Between 1692 and 1693, accusations of witchcraft were made in and around the town of Salem in Massachusetts, leading to the arrests of about 150 people. These charges were taken seriously, and the ensuing trials resulted in the executions of 19 people.
But how were these "witches" executed? Were any burned alive at the stake, a common punishment for convicted witches in Europe? After all, at the time Salem was part of the Province of Massachusetts Bay, an English colony.
The answer is no; witches in England’s American colonies were killed another way.
"At Salem no one was burned. Instead, they hanged them," said Elizabeth Reis, a professor at Macaulay Honors College at the City University of New York and author of the book "Damned Women: Sinners and Witches in Puritan New England" (Cornell University Press, 1999).
England and its American colonies were an anomaly during that period, at least when it came to burning those accused of witchcraft. "Burning at the stake was not used as a method of execution for convicted witches in Salem or anywhere in the American colonies or England," said Emerson Baker, a history professor at Salem State University who wrote the book "A Storm of Witchcraft: The Salem Trials and the American Experience" (Oxford University Press, 2014).
"In England and her colonies, witchcraft was tried in criminal courts, like any other capital crime. And the punishment for capital crimes was death by hanging," Baker told Live Science in an email. "Meanwhile, on the European continent, witch cases tended to be tried by ecclesiastical courts [a court run by the church]. When people were accused of witchcraft before an ecclesiastical court, it was treated as heresy. The punishment for someone convicted of heresy was burning at the stake," Baker said.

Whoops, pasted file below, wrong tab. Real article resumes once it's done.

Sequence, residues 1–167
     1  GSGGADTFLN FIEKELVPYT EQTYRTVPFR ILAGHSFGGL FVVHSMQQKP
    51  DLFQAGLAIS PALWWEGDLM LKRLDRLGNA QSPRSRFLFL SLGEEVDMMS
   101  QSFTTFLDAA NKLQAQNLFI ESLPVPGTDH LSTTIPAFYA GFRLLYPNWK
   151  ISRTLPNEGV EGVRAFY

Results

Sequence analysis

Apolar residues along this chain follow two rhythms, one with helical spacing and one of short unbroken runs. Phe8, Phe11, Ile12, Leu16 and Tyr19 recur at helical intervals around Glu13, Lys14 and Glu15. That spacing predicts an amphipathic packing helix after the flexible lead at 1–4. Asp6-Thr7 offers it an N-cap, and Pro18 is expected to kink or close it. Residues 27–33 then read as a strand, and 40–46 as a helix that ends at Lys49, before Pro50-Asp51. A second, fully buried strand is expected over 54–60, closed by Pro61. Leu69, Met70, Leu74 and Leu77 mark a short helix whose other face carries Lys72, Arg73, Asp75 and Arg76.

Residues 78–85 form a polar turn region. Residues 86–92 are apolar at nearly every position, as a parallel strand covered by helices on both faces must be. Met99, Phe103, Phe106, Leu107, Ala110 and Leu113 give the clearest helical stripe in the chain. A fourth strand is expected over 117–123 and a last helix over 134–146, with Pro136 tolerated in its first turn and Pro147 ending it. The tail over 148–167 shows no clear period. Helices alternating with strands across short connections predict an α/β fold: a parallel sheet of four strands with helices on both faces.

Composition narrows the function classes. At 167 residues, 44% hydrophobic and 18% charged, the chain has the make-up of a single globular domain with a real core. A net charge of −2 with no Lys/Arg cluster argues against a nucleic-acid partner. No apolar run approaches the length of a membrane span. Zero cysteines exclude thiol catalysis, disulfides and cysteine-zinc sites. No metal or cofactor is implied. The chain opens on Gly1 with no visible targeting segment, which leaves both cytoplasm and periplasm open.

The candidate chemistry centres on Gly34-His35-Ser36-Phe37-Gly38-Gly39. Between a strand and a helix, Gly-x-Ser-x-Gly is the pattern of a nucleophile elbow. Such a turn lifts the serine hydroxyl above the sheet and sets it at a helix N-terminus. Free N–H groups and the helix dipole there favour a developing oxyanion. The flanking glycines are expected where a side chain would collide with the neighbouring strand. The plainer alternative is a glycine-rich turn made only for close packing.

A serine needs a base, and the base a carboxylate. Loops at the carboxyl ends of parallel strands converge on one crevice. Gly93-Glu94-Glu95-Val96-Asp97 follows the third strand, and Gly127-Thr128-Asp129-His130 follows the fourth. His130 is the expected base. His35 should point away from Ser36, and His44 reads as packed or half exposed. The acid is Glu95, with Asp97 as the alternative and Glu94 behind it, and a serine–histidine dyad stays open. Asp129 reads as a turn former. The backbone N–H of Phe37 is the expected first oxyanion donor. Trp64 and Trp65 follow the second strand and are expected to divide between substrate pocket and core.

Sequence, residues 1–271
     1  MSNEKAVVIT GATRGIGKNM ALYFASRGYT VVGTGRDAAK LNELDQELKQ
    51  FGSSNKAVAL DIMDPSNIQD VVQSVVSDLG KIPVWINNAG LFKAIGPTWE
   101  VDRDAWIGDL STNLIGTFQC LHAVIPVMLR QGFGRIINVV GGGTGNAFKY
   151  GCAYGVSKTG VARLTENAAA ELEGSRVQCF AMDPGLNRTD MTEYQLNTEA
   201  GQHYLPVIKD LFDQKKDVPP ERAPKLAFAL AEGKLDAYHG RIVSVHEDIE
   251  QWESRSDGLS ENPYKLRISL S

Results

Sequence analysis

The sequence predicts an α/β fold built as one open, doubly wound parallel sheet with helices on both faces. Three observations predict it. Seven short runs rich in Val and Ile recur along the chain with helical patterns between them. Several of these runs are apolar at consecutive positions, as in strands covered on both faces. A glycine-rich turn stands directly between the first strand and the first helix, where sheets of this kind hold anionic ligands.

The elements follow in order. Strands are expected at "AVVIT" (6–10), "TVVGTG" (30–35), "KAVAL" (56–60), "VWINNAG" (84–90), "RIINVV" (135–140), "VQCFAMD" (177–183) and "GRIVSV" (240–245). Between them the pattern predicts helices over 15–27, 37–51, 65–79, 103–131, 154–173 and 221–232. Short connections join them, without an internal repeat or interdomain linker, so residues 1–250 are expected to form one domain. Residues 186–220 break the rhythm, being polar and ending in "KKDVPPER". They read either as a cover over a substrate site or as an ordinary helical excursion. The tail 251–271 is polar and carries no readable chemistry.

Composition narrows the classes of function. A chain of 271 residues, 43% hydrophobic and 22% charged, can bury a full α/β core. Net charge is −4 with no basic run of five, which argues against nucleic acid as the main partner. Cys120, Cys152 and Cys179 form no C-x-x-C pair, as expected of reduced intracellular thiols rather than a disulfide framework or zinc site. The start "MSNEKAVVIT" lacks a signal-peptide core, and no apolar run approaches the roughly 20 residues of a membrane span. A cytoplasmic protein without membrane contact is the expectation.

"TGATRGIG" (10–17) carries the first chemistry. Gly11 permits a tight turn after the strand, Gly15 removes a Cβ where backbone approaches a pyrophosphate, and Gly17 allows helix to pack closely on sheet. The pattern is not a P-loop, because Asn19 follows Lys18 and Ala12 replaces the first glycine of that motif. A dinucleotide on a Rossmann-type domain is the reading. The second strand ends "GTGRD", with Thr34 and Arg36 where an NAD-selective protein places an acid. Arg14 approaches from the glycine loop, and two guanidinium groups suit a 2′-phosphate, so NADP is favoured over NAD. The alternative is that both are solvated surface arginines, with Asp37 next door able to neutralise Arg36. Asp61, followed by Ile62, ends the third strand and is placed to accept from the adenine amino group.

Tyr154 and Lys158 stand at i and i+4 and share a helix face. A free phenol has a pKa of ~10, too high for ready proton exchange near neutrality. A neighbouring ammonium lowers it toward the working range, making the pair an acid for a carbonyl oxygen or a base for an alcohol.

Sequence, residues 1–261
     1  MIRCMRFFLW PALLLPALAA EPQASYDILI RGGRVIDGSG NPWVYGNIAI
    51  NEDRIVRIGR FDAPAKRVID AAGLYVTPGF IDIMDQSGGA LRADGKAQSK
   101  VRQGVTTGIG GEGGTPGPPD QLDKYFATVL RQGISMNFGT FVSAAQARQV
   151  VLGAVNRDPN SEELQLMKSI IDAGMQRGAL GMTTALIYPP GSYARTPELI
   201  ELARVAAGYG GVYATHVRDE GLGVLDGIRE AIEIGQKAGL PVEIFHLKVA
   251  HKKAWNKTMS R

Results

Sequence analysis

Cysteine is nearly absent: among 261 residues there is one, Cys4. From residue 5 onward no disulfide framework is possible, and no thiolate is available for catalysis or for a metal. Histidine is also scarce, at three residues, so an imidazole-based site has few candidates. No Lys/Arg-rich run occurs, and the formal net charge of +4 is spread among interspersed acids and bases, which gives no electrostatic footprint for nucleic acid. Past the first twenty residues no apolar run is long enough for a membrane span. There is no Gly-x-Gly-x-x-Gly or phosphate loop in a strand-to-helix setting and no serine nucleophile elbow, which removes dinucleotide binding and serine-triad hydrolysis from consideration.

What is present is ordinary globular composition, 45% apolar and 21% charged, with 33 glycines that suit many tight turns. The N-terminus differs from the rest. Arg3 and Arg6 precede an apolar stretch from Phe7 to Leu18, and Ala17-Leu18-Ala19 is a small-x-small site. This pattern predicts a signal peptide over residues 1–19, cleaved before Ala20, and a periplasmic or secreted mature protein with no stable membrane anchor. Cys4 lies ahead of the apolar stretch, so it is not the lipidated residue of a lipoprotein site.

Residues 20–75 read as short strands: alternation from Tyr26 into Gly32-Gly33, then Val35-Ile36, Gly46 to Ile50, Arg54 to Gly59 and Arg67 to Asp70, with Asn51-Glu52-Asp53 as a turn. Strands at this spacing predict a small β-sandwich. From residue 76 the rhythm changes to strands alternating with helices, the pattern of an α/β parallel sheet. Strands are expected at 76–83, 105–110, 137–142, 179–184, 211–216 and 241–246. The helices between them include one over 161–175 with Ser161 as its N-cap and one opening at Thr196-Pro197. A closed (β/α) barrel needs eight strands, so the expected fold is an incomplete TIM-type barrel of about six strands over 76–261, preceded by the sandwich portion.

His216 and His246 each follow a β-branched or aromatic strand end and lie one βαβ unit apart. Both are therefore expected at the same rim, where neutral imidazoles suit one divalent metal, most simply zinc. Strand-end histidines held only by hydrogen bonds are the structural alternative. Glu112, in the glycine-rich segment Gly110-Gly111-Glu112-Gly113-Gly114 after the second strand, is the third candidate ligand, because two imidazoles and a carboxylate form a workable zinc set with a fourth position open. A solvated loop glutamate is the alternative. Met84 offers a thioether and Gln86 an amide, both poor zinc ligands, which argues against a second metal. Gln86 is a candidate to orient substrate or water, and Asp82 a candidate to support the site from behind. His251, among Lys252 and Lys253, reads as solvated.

The ecclesiastical courts in continental Europe saw burning at the stake as a way to purify the soul. "Burning was supposedly a way to purify the convict, and also as a threat to uncover conspiracies," said Peter Hoffer, a distinguished research professor of history at the University of Georgia and author of the book "The Salem Witchcraft Trials: A Legal History" (University Press of Kansas, 1997). Church authorities in Europe sometimes feared that people would make conspiracies with the devil against them.
Burial and memorial
Recent historical research has identified a site now called "Proctor's Ledge" as being the place where the convicted were hanged at Salem. In 2017, Salem erected a memorial for the people who were executed at the site.
The bodies of those hanged were dumped in a location near Proctor's Ledge. "An eye witness account says the bodies were dumped into shallow rocky crevices in the ledge under the shallow soil. There are references to several bodies being removed at night by family members and buried at their homes," said Benjamin Ray, a professor emeritus of religious studies at the University of Virginia who wrote the book "Satan and Salem: The Witch-Hunt Crisis of 1692" (University of Virginia Press, 2015).
Ray noted that attempts have been made to find the bodies of those hanged, but so far they have been unsuccessful. "Ground penetrating radar indicates there are only these crevices, little space for bodies, and none have been discovered," Ray told Live Science in an email.
Originally published on Live Science.
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Owen Jarus is a regular contributor to Live Science who writes about archaeology and humans' past. He has also written for The Independent (UK), The Canadian Press (CP) and The Associated Press (AP), among others. Owen has a bachelor of arts degree from the University of Toronto and a journalism degree from Ryerson University.